the video version…

the kamishibai version…

The two hills of Wrekin and Ercall
dominate the Shropshire skyline today.

But once Shropshire was a flat, empty plain.

Then along came two giant brothers,
they dug a trench and built a hill.
The trench filled with water
and became the River Severn.

But which brother
would have the hill as his home?
They fell to fighting.
Then Ercol threw his spade at his brother…

… His brother ducked,
And the spade cut the Needles Eye in the hillside.
Down flew a raven and pecked Ercol’s eye.
His tears formed a pool called the Raven’s Bowl.

Ercol fell down beside the hill.
His brother covered him with earth.
You can still hear him moaning today.
And the triumphant brother gave
his hill his name, Wrekin.

How the story was created…

This is the lesser-known version of the making of the Wrekin, which also explains how the nearby River Severn was created. Joseph found a simplified version that had been collected in the mid 1800s at Shropshire Archives to use as the basis of this telling.
The better-known creation myth can be found here, and information about making and using kamishibai here.

This story was brought back to life by young people as part of a Heritage Lottery Funded Young Roots project. They researched in Shropshire Archives and the local history collections to find records of stories they felt should be part of the region’s oral heritage. The project was facilitated by Mythstories museum and supported by Shropshire Archives and Telford & Wrekin Libraries.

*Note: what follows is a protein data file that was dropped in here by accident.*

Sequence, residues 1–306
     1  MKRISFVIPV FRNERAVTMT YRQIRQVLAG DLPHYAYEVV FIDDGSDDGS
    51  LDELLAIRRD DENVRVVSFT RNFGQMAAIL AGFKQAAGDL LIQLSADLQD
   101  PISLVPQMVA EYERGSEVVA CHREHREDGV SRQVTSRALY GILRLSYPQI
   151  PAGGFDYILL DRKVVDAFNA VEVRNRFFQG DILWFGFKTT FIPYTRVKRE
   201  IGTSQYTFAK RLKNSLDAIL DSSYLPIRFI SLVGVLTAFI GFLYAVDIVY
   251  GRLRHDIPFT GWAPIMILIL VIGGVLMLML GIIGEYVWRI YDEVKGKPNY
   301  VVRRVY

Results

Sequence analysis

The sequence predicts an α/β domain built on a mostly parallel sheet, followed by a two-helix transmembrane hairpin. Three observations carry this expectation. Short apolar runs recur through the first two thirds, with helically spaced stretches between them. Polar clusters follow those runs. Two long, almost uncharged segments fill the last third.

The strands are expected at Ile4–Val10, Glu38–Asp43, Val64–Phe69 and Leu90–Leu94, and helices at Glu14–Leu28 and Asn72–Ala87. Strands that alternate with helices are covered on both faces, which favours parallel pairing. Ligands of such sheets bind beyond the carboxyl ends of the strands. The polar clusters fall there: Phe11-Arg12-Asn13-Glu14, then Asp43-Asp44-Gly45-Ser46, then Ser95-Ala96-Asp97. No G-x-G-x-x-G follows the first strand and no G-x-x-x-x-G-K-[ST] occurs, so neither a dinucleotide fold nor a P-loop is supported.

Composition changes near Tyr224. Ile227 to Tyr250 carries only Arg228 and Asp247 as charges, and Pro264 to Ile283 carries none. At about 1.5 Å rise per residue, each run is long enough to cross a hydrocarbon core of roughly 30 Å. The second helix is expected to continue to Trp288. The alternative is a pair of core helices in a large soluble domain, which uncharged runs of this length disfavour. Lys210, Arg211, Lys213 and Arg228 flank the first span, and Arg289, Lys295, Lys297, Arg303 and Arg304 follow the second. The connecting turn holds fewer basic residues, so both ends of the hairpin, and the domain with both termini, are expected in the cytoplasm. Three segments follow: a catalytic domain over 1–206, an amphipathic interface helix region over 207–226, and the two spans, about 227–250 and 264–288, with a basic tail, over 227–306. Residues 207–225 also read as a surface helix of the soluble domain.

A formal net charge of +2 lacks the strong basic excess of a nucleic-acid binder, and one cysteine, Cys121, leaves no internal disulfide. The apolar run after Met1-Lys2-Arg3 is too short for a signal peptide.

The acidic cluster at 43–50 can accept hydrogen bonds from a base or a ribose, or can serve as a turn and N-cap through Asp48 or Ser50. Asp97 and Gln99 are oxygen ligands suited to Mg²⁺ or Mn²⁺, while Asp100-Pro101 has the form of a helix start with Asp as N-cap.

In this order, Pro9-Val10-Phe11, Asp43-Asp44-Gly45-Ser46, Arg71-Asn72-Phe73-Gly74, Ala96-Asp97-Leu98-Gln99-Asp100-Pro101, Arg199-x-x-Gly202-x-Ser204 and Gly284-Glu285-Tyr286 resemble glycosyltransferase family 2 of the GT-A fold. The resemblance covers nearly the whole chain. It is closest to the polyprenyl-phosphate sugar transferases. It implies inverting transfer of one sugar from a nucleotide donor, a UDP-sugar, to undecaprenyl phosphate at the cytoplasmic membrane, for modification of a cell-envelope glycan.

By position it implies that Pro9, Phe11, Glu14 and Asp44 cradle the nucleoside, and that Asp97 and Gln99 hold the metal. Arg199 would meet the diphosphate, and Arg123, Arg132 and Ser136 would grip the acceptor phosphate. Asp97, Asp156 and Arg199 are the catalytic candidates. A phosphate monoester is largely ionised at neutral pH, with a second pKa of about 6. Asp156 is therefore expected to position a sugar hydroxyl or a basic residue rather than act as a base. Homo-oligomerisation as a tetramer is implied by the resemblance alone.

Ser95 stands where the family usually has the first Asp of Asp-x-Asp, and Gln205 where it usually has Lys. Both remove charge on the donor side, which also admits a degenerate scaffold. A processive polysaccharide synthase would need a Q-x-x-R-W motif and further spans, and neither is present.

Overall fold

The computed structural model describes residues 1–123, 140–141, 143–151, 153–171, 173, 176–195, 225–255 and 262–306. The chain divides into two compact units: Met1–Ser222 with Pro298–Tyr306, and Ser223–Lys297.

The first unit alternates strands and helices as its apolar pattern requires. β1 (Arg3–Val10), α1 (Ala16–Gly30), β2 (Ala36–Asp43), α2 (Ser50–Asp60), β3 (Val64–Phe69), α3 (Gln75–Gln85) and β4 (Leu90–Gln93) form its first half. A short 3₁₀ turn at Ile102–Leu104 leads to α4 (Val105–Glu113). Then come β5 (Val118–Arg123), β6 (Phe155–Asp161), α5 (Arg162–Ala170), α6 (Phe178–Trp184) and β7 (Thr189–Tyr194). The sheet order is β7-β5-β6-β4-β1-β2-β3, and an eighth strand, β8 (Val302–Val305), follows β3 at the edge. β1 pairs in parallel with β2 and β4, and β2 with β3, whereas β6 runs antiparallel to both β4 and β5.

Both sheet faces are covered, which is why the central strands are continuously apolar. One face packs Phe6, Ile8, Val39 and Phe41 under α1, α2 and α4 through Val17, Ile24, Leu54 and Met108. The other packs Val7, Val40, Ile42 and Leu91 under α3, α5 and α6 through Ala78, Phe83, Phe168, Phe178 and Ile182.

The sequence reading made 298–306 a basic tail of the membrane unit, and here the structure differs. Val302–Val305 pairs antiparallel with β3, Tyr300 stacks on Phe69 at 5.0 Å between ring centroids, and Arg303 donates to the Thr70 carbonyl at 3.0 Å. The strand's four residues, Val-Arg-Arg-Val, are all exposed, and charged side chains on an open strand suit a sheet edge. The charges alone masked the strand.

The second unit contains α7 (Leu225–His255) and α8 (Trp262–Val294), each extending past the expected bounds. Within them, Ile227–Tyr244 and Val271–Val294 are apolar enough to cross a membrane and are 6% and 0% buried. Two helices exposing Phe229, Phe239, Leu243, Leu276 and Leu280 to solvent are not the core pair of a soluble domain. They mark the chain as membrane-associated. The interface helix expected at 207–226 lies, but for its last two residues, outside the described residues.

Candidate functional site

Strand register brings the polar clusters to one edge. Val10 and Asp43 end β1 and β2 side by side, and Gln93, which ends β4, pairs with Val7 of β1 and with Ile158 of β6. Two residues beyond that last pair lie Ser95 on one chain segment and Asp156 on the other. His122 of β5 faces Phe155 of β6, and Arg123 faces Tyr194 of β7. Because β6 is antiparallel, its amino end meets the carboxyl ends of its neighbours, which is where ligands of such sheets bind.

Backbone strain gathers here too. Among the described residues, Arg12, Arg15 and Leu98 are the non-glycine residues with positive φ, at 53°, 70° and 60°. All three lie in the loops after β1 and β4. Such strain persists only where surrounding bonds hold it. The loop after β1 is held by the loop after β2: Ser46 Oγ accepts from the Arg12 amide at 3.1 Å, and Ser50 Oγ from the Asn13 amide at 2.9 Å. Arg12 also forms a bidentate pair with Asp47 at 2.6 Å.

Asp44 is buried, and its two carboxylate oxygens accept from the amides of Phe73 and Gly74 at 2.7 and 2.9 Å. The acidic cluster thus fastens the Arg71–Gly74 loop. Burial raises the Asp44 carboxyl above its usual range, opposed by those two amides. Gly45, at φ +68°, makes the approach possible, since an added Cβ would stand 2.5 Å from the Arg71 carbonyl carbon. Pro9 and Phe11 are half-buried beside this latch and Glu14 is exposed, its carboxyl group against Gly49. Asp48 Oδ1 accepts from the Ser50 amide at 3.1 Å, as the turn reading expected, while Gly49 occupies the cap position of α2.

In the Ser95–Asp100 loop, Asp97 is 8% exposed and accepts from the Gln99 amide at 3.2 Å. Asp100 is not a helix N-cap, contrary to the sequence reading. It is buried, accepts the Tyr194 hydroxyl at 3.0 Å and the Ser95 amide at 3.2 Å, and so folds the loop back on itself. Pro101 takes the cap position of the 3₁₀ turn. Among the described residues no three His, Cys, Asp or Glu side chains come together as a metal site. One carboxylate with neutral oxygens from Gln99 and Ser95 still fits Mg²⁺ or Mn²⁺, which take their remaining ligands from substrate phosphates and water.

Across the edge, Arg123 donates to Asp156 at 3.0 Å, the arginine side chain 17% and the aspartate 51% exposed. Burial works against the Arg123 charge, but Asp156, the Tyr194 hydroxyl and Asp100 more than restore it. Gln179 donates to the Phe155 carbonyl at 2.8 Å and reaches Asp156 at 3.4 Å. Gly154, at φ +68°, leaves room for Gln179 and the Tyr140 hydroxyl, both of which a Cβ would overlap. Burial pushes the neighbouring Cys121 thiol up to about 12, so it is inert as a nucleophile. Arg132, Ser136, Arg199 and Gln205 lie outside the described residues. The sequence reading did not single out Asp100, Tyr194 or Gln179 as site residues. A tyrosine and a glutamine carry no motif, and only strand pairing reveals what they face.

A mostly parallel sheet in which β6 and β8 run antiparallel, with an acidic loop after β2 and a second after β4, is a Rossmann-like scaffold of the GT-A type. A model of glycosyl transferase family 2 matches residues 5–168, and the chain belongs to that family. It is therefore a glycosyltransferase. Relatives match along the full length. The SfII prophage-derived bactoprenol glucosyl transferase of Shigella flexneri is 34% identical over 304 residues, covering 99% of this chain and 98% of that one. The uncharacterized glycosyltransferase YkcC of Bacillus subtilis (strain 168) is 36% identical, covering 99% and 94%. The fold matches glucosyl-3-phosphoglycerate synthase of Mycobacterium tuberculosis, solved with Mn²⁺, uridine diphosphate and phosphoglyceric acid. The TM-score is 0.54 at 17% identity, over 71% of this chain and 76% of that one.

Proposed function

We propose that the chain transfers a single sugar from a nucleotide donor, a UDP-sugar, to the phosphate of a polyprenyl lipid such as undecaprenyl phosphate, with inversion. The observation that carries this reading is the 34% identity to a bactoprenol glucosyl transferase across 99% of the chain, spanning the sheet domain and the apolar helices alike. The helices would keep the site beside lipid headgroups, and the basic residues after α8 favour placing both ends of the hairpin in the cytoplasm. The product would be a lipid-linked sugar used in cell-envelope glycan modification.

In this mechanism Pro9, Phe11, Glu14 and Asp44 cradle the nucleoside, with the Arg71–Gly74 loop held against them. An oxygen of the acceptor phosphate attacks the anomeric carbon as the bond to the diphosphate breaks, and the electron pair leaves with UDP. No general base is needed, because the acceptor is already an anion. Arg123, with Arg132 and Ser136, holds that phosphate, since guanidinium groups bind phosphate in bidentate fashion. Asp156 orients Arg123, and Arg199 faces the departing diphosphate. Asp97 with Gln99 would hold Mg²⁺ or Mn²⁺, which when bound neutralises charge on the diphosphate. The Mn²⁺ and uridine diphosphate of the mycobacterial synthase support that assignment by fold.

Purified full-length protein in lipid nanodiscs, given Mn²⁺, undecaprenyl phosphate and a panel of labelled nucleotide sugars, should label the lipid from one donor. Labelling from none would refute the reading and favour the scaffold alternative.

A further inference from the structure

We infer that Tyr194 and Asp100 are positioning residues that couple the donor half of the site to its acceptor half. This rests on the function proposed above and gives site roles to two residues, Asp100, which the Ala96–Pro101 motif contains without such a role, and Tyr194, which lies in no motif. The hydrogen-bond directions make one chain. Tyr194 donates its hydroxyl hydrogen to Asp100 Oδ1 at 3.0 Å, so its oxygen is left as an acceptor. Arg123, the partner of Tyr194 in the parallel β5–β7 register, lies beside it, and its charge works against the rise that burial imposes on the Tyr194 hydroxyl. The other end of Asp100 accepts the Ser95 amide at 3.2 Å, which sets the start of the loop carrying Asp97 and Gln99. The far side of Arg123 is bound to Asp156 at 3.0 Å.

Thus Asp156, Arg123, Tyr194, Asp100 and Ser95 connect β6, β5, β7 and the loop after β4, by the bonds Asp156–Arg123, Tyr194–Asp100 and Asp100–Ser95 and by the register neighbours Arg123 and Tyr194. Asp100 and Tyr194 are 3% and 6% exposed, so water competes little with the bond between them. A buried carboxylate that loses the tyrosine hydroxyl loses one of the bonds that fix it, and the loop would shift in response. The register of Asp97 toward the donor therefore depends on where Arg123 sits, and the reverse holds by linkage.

Why the project came about…

The Club met in Wellington. It is Shropshire’s oldest market town at the foot of The Wrekin with its Hillfort. It is also part of Telford, a still-evolving late-20th century ‘New Town’. As one club member said:

“They have pulled down my primary school, my secondary school is being rebuilt, the Colleges are merging next year. There will be nothing left of my childhood!”

So Club members decided to research and retell some of the stories of Wellington, to fill the void between the past and the present.

Victorian Wellington

Seven Stories told by the Away With Words Storytelling Club

a “Young Roots” project funded by…